Back in the good old days (!) when backups implied some form of magnetic tape, we used to do a full backup once a week, then an incremental backup on a daily basis of all changes since the last backup, be it full or incremental. Hence in the event a restore was required, a full backup would be restored, then each incremental backup since the full backup would be restored on top to reach the most recent restore point.

These days, hard drives are cheap, we tend just to blat out a complete disk image, or just backup known valuable data, which again is generally an entire database at a time.

Here's what I consider to be a relatively neat trick, something that could be thought of as a reverse incremental backup procedure. The idea being that we maintain a folder called current, which is the most recent full copy of a target system, then date/time stamped folders that contain all the files that were found to have changed at that point in time.

#!/bin/bash
HOST="(remote host name)"
APATH="/(local backup path)/${HOST}"
mkdir -p ${APATH}/current
FQDN="${HOST}.(domain name)"
BACK=${APATH}/`date "+%A_%d_%B_%Y_%H"`
EXCL="--exclude=/proc --exclude=/sys --exclude=/tmp"
O1="--force --ignore-errors --delete-excluded ${EXCL}"
O2="--delete --backup --backup-dir=/${BACK}"
O3="-rlpgoDtOz"
export PATH=$PATH:/bin:/usr/bin:/usr/local/bin
nice -n19 rsync ${O1} ${O2} ${O3} [email protected]${FQDN}:/* ${APATH}/current

So the requirements here are a SSH connection to the remote system (that you want to back up) and a copy of rsync on that system. (and on your local system)

The net result is a local folder called current, and a bunch of stamped folders containing older copies of files. A full restore would come from current, and lost or historical files that you may need to recover would be in the stamped folders. For example;

$ sudo du -sh `ls --sort=time`
58M   Thursday_24_September_2015_03
131M  Wednesday_23_September_2015_03
84M   Tuesday_22_September_2015_03
147M  Monday_21_September_2015_03
211M  Sunday_20_September_2015_03
4.0K  Saturday_19_September_2015_12
126M  Thursday_17_September_2015_03
35M   Wednesday_16_September_2015_09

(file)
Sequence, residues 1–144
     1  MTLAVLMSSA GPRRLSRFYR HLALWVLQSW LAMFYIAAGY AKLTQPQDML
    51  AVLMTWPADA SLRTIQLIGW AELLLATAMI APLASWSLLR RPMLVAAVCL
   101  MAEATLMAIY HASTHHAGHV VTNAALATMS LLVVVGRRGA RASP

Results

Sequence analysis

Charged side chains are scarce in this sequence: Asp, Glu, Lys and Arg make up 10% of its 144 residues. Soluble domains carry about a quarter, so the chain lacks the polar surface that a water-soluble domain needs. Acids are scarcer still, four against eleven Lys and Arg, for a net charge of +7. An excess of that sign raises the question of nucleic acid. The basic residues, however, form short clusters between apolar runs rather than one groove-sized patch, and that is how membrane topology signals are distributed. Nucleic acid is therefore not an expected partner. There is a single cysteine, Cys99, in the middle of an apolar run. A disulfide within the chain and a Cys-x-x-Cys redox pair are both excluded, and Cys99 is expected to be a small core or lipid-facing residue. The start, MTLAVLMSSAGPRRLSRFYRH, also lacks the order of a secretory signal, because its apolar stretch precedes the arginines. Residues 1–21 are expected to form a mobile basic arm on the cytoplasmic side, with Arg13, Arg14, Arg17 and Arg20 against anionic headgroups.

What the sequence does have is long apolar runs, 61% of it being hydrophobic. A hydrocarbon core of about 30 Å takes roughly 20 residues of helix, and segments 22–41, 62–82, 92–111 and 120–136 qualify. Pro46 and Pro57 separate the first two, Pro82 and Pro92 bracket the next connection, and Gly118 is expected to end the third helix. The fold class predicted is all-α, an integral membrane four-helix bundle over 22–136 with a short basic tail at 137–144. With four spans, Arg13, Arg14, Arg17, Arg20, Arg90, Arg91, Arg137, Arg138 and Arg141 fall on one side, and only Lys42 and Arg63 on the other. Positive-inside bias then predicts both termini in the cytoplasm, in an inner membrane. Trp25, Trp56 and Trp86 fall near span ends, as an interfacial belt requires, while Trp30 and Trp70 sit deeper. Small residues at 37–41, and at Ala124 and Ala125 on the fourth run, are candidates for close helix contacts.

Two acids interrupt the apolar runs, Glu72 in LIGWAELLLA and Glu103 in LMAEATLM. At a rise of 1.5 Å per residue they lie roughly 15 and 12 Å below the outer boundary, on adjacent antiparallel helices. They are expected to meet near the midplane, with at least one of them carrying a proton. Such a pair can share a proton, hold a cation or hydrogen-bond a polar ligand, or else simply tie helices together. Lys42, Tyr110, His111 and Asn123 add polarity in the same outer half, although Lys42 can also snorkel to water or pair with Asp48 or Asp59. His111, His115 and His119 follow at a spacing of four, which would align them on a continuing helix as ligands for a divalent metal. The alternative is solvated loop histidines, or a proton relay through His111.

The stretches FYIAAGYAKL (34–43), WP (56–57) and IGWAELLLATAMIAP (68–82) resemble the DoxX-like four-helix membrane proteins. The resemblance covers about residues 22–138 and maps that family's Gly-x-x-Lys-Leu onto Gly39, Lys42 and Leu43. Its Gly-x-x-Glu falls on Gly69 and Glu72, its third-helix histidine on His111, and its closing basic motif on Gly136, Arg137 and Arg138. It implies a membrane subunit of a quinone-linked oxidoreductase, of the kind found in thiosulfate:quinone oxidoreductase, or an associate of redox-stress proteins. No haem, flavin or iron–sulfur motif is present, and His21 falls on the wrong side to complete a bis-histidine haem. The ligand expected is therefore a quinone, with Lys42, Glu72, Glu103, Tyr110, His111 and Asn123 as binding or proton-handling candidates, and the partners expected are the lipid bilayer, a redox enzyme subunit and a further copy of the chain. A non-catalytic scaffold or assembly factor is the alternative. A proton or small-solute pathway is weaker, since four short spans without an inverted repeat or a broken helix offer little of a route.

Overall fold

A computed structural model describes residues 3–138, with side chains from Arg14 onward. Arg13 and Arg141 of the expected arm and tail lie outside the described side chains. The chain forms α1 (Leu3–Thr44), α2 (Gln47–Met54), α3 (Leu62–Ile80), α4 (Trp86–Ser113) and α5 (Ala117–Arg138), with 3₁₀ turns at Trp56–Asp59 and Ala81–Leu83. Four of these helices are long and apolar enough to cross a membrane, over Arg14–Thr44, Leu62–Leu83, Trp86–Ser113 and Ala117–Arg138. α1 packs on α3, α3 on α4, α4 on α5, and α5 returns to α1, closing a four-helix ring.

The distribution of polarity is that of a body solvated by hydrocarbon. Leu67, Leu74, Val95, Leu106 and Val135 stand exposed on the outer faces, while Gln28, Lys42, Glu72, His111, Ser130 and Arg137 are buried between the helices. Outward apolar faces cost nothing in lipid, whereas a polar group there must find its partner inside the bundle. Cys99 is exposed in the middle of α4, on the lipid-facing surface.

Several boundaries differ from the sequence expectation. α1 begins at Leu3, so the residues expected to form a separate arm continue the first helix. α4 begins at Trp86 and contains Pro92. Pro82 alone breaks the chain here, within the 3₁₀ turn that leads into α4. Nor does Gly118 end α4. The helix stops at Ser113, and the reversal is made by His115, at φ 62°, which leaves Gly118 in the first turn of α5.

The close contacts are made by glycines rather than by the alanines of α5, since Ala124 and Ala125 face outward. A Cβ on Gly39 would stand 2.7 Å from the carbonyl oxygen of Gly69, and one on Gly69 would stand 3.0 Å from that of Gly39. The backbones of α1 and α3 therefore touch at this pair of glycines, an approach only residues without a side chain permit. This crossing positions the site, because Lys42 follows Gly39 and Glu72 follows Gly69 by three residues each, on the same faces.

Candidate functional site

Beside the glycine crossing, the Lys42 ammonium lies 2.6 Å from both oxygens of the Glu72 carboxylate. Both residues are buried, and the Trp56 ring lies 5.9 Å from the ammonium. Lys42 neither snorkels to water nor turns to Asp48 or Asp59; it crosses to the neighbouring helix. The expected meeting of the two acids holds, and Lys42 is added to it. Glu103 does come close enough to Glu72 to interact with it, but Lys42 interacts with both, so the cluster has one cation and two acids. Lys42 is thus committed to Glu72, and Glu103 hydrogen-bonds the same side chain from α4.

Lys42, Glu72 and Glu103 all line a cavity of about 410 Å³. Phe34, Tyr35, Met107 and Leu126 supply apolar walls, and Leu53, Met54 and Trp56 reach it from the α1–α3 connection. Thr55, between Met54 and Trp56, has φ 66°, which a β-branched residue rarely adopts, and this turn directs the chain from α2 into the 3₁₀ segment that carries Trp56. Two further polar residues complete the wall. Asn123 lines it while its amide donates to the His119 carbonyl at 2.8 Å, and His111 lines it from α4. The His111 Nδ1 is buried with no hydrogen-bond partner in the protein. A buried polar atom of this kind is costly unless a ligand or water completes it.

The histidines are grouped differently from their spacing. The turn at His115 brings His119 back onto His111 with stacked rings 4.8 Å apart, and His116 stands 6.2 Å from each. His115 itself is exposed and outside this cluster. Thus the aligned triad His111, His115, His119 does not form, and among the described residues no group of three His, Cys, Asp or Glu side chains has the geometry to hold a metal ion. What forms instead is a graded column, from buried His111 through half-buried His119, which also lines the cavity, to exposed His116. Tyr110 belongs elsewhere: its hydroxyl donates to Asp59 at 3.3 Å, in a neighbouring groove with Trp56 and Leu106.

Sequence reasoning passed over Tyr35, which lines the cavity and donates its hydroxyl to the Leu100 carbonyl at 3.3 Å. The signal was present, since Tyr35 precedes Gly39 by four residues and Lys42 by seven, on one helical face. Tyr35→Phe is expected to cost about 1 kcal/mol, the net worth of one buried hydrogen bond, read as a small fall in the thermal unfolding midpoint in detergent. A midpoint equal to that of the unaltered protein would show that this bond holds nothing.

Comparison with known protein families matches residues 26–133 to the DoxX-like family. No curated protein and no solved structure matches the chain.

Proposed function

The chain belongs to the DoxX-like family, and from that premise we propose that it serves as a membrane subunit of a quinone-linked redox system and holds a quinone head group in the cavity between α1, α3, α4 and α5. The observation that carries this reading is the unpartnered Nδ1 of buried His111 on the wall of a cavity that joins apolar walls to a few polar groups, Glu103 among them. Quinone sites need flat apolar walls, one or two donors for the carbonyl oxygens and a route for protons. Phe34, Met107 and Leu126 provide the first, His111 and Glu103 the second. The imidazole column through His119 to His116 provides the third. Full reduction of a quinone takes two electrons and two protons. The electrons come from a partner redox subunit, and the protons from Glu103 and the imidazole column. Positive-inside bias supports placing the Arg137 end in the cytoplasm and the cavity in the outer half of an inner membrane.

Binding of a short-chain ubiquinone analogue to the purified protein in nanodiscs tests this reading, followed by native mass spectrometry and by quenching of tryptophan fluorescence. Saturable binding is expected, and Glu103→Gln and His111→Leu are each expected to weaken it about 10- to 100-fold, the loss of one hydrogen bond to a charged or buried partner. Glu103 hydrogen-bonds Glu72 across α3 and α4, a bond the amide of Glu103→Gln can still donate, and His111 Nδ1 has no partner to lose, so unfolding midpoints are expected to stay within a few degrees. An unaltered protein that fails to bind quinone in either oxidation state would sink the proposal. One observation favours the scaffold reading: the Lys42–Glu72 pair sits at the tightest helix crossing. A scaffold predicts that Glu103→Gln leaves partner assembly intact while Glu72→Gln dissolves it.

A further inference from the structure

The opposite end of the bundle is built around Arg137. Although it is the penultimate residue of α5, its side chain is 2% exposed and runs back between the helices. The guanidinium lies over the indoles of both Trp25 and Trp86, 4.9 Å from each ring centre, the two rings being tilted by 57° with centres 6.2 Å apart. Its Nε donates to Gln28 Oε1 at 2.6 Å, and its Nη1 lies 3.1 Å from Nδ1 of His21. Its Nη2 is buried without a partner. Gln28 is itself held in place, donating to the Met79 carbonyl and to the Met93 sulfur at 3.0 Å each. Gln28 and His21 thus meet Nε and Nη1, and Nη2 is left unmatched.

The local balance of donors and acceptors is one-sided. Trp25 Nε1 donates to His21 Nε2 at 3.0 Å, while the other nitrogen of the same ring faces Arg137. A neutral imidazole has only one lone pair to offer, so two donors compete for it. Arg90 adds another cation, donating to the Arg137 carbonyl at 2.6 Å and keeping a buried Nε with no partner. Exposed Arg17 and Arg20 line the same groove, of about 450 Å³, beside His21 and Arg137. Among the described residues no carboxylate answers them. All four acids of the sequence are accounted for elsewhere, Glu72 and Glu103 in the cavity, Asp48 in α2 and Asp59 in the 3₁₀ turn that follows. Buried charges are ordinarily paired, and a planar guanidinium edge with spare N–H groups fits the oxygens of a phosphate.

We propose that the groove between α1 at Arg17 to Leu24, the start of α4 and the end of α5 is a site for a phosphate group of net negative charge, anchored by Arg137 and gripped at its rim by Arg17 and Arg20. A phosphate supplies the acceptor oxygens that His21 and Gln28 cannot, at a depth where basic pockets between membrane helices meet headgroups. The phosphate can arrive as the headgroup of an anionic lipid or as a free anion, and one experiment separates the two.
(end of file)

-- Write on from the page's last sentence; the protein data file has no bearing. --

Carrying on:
82M   Tuesday_15_September_2015_15
2.8G  current

As you can see, on a real system this is a lot more efficient in terms of space than repeated full images, and it takes a lot less time, and it can be done remotely over a modest broadband connection.

Note ..

(1) In the above code, you would need to set remote host name to be a reference to the server to back up (say "server"), local backup path to be the local path to wherever you want to store the backups (say /vols/backups) and domain name to be the domain on which your host sits (say "linux.uk"). So in this example, "server.linux.uk" would need to resolve to the IP address of the server you want to back up.

(2) You may like to experiment with the O3, you could for example add --sparse --stats if you're going to run this from CRON, of if you're going to run this in the foreground, then try adding --info=progress2 to get an interactive read on the overall progress of the backup.

(3) You can easily add minutes to the timestamp if you want to do backups on an hourly (or more frequent) basis.

If you want to cleanup older incremental backup folders (which unless your name is Google you probably will) all you need to do is add something like this to CRON to fire every day;

find (path) -maxdepth 2 -ctime +(days) -name "*_*" -exec rm -rfv {} \;

Just set days to be the number of days retention you need, and remove the v from -rfv if you don't want the verbose listing of all the files that get expired. Don't forget to get MAILTO in CRON if you want to get an email record of both backups and expires and path needs to be the same as local backup path above.